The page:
If an organisation or executive predates the digital age, it can be hard to drive home the importance of the digital customer experience. They can be forgiven for thinking that the quality of the product itself matters more, not the website or mobile app that springs up around the product.
Modern product managers know differently. Product management theory treats the “product” as the customer’s entire experience of the brand, not just the widget on the shelf. Some products, like Cloud services and software apps, are nothing but their digital experience. But even physical products depend this day in age on the digital experience.
87% of shoppers now begin product searches online. 47% of all customers will view 3-5 pieces of online content before ever reaching out to a customer service rep or salesperson. Hard to drive home or not, the importance of delivering an outstanding digital customer experience cannot be overstated.
Is your organisation prepared to deliver an outstanding digital customer experience? Here is a 10-point checklist to find out:
10 steps to an outstanding digital customer experience
#1 Don’t Do Everything In-House
Whether it’s small, medium, or enterprise-level, almost no organisation is equipped to design and deploy a world-class digital experience with the people they have on staff now. They might be able to maintain the experience with in-house IT, but outsourcing digital experience creation to a company like Bright is usually much more cost-effective and headache-free than trying to hire or reassign full-time personnel.
Equally important to outsourcing is letting go of the idea of housing the digital experience “on premise”—that is, on proprietary servers on company property. Even enterprises rely on Cloud services for their design and hosting because it is more cost-effective and scalable.
#2 Focus on Relevant Features
Some IT and design teams get lost in a cul de sac of innovation for innovation’s sake. They’re too impressed with themselves and their ability to make the digital experience come alive … without asking themselves if the experience addresses the core business purpose it was designed for.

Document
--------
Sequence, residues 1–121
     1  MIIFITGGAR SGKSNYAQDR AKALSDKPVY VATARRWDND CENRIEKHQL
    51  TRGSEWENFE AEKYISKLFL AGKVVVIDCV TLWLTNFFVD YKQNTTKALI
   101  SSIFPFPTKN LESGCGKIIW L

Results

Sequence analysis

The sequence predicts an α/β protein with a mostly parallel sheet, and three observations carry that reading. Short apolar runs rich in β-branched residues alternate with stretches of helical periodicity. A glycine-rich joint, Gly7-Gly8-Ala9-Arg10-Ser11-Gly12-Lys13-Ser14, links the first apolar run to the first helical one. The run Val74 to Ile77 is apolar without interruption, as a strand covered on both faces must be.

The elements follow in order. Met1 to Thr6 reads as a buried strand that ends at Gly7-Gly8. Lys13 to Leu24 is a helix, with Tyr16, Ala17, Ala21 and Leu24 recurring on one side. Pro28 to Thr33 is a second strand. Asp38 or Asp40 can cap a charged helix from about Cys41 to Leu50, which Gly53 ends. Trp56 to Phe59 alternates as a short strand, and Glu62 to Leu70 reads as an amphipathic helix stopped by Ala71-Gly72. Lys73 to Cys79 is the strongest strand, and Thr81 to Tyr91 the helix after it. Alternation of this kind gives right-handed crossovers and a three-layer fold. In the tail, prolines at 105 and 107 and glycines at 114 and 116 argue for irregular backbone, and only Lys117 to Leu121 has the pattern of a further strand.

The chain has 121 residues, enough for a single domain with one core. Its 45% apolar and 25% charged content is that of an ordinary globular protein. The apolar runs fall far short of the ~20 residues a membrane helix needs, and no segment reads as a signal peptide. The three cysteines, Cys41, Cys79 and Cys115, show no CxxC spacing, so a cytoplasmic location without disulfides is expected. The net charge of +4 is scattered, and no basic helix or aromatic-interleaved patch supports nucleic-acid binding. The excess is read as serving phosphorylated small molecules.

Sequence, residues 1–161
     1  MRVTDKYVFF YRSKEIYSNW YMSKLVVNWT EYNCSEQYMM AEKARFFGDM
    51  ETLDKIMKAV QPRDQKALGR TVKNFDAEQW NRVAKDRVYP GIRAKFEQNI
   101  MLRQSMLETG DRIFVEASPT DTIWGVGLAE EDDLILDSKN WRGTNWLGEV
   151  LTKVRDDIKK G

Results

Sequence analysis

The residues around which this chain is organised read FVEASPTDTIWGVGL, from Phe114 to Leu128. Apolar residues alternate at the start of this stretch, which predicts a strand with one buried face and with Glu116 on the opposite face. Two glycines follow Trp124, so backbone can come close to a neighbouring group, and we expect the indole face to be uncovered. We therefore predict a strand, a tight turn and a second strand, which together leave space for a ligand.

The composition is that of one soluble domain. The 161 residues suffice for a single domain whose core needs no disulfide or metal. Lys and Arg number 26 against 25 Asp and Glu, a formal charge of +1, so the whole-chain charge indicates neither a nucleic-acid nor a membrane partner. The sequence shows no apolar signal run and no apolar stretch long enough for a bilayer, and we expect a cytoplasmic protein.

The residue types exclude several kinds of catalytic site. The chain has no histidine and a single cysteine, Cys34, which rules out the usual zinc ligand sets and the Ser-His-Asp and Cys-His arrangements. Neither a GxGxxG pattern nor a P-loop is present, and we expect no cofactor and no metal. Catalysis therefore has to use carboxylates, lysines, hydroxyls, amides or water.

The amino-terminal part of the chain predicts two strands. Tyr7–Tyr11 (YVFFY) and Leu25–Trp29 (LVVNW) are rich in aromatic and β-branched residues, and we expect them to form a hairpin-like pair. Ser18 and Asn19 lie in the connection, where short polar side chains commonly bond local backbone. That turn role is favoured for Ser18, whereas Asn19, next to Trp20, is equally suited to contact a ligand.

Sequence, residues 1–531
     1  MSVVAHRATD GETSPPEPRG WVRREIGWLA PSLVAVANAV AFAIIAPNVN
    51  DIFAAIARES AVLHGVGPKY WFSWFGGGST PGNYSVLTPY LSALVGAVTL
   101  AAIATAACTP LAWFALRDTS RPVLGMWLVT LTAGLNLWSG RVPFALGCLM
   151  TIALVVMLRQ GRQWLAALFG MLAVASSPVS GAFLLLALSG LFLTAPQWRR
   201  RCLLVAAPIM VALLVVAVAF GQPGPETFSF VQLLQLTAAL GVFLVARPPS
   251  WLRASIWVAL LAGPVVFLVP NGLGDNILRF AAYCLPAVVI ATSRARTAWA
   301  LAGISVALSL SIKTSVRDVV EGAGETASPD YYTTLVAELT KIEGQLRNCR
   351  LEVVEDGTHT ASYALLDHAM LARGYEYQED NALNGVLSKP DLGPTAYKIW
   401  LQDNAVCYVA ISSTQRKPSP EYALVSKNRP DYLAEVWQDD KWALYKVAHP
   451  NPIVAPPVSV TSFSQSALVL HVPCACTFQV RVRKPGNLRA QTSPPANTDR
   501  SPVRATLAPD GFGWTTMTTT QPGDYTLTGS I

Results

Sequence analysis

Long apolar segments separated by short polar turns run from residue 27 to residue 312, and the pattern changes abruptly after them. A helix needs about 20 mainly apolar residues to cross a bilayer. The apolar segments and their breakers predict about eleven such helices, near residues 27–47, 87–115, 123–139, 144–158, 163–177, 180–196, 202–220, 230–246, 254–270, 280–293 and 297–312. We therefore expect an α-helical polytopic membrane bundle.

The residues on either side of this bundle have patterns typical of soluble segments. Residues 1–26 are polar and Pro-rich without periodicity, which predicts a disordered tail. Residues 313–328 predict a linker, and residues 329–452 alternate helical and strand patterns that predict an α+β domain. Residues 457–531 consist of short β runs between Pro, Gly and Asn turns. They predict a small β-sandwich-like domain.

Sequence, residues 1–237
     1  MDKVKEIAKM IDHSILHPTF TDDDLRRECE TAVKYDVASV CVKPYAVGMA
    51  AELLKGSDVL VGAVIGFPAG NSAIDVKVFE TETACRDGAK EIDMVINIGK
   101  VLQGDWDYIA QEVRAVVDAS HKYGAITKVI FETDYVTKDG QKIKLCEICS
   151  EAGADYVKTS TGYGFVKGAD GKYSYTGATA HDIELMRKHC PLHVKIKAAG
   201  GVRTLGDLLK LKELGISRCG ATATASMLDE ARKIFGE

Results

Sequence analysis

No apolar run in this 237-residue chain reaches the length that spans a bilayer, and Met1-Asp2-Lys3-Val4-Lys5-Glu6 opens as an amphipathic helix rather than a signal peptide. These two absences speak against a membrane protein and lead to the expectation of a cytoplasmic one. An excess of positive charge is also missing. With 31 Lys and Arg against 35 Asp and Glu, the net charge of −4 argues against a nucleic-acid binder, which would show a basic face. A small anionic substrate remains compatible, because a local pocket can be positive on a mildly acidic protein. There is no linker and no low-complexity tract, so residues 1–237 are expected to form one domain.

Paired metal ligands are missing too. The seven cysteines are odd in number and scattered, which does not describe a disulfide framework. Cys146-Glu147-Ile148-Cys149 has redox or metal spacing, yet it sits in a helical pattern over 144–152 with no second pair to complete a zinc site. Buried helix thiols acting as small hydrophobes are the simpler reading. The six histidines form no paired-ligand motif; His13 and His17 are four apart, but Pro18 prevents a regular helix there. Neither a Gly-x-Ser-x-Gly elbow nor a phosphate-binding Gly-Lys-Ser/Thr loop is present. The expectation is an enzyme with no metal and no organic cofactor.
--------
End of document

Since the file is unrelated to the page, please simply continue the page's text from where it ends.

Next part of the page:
Whenever Bright designs a digital customer experience, we go back to first principles—What niche does the client business fill? What is the core value proposition? What keeps customers coming back for more?
This “why” of the business should inform every feature that gets time, money, and attention within the development process. If it’s just for looks and doesn’t serve a core business purpose, forget it.
#3 Take an Iterative Approach
Developing a digital experience is not a “one-and-done” approach. Digital products need to be able to adapt and change to meet customer needs.
An iterative approach assumes that the experience being rolled out now will not be the final version … ever. Digital experiences succeed when they are in a constant state of development, adjustment, and deployment, released and re-released, updated and upgraded, in response to analytics and user feedback.
A digital experience is never “done”—it evolves and adapts, sometimes in surprising directions.
#4 Don’t Assume You Are Smarter Than the Customer
Organisations that try to outsmart the customer usually end up outsmarting themselves. If the customer doesn’t like your ingenious digital experience, into which you invested so much time and money, you can’t make them like it.
That’s why it pays to start with existing data, bolstered by customer surveys and other channels of feedback. This is how you get off on the right foot. A/B testing will then help you hone in on the best experience.
You like Version A but customers respond better to Version B? The customer is always right … and somewhere down the line a Version C or D might do even better. Your iterative approach will allow you to parlay customer feedback into a system of constant improvement.
#5 Coordinate and Communicate Across Departments